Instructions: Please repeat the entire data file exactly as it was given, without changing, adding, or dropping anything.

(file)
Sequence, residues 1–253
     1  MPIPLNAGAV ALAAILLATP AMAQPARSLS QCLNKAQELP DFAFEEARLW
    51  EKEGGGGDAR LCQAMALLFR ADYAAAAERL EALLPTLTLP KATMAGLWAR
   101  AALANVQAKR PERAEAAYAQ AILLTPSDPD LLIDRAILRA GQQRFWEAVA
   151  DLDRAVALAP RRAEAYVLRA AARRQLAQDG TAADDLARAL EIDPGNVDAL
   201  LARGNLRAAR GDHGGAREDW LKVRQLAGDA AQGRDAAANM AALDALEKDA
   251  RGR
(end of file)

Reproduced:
Sequence, residues 1–253
     1  MPIPLNAGAV ALAAILLATP AMAQPARSLS QCLNKAQELP DFAFEEARLW
    51  EKEGGGGDAR LCQAMALLFR ADYAAAAERL EALLPTLTLP KATMAGLWAR
   101  AALANVQAKR PERAEAAYAQ AILLTPSDPD LLIDRAILRA GQQRFWEAVA
   151  DLDRAVALAP RRAEAYVLRA AARRQLAQDG TAADDLARAL EIDPGNVDAL
   201  LARGNLRAAR GDHGGAREDW LKVRQLAGDA AQGRDAAANM AALDALEKDA
   251  RGR